Rosie Waterland on why we all need to watch Struggle Street.
Do you want to hear something sad? As hype began to build around SBS show Struggle Street yesterday, we decided it would be a great idea to have someone from the Mamamia team with a disadvantaged, public housing background to write something about it.
Except we didn’t have anyone.
Out of an editorial team of 45 and a company staff of more than 100, we could not find one person who could write (or was at least willing to write) about having lived a similar life to that of the people featured on Struggle Street. And that is freaking sad. Not surprising, since journalism and media is hardly an industry that could be considered a shining example of socio-economic diversity, but definitely sad. There was just no one.
Well, except me. Enter Rosie Waterland, token former Houso kid. I’m absolutely not the only person with a disadvantaged, public housing background to have found some level of success, but it certainly occurs rarely enough that I was the only person at Mamamia who was willing to share any first-hand perspective.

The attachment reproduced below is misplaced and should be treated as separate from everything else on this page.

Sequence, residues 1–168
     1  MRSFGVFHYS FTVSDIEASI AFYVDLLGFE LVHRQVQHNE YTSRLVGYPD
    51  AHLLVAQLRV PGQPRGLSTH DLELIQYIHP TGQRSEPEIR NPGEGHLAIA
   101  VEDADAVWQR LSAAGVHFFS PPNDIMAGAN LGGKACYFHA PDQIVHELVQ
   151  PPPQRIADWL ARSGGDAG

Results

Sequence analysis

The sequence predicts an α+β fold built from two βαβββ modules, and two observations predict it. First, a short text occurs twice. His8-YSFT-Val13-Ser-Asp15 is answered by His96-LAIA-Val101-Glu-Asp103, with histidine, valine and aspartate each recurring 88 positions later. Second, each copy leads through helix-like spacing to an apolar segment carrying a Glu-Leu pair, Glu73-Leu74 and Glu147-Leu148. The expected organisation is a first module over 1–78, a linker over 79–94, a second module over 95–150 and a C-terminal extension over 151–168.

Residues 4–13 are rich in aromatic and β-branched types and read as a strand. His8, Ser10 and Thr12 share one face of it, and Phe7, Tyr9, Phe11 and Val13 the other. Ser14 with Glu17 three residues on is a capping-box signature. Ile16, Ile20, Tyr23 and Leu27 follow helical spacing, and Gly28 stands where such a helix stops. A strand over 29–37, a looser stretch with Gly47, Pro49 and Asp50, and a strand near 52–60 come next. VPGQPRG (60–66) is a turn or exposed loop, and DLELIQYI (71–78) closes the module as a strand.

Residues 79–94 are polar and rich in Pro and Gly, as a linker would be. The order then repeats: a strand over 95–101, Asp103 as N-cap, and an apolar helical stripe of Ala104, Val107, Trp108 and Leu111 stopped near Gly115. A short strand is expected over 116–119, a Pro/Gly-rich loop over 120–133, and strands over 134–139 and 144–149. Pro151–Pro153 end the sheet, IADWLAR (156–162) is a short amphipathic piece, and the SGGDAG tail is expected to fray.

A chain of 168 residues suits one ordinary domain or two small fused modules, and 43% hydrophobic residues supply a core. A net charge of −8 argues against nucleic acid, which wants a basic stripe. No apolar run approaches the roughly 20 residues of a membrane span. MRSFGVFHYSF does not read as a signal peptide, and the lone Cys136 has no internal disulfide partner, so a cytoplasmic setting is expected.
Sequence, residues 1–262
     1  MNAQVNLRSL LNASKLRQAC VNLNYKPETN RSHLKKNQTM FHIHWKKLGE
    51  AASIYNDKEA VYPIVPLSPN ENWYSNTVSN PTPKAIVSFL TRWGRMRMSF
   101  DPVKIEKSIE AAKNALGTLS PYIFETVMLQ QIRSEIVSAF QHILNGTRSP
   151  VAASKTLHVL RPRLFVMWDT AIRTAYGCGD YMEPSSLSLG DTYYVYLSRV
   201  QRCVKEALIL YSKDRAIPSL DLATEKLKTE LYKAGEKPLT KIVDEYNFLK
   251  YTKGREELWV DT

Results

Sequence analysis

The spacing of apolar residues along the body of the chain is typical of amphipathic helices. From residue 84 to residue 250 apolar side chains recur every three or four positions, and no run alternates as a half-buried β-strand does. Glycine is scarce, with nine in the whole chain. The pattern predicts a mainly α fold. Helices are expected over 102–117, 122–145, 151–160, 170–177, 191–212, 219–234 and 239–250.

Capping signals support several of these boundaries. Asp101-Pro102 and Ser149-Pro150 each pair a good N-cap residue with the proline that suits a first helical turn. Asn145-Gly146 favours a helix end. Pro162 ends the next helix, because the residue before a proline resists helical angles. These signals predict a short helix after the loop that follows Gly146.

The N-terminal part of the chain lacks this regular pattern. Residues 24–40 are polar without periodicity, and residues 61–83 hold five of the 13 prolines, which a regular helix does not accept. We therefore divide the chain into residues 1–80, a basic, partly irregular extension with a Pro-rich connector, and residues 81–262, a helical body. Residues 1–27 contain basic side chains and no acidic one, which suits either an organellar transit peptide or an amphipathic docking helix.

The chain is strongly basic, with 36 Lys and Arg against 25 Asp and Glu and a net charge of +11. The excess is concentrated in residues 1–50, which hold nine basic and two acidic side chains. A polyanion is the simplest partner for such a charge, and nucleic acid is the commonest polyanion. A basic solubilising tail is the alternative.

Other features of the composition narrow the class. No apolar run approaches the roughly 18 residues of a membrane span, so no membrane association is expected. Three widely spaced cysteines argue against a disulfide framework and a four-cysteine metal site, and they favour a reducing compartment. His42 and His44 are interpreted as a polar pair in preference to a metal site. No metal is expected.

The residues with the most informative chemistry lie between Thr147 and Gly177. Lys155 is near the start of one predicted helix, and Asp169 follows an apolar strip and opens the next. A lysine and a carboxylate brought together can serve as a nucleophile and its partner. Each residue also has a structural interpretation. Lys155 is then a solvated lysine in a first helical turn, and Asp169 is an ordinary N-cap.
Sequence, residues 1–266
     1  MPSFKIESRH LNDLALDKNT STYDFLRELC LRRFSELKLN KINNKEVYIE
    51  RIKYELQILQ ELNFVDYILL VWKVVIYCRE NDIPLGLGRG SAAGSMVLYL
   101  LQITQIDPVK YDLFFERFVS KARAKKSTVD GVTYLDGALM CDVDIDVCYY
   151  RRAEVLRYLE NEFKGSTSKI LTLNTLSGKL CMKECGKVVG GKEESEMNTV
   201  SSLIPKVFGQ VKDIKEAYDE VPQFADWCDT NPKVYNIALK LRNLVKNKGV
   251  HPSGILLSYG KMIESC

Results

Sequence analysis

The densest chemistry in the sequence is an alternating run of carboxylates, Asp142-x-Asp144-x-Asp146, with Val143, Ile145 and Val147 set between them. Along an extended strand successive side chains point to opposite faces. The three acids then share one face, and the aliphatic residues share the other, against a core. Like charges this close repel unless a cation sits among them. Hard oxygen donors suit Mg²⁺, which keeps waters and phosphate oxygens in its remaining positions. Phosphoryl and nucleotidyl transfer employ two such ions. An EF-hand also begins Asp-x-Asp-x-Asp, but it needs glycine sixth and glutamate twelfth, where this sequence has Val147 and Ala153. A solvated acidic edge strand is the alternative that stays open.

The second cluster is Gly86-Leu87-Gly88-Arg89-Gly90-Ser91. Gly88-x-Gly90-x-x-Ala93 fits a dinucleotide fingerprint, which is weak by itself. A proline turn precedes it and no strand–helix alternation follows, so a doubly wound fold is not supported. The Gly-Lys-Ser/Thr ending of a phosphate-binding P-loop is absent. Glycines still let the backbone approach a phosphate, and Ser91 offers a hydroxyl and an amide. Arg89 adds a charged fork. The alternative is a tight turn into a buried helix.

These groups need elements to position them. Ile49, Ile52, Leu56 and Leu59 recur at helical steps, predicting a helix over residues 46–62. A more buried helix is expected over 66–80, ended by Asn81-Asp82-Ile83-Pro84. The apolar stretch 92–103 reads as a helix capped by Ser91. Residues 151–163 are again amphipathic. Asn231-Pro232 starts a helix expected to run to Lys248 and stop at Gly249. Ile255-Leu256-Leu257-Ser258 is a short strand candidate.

I actually didn’t want to write about Struggle Street because, to be honest, I just didn’t really know what to say. Yes, I lived in public housing. Yes, my parents were addicts. Yes, there are pregnant girls with bongs and broken washing machines on front lawns and way too much money spent on fast food instead of fresh vegetables. Yes, I thought Struggle Street was an accurate representation of some aspects of public housing life. But that’s all I had, really. About 100 words in total – hardly enough to warrant any kind of comment from me, even if I could relate to the show somewhat more than others.
But then I heard that we were struggling to find someone else in the team to write about it, and I thought, well, there’s the angle. How sad that I’m the only person on the Mamamia team who could relate to the show on that level? How utterly tragic that people who grow up on ‘struggle streets’ all over this country rarely have the capacity to tell their own stories? They are stories that we all need to hear, and the uncomfortable shock that radiated through social media during the show’s airing last night shows that we don’t hear them enough.
There was much debate yesterday about what the whole point of Struggle Street was. It was called ‘poverty porn’ and ‘exploitative’, both terms which I think were used because people didn’t know quite what to make of the confronting footage they were seeing in the show’s promo.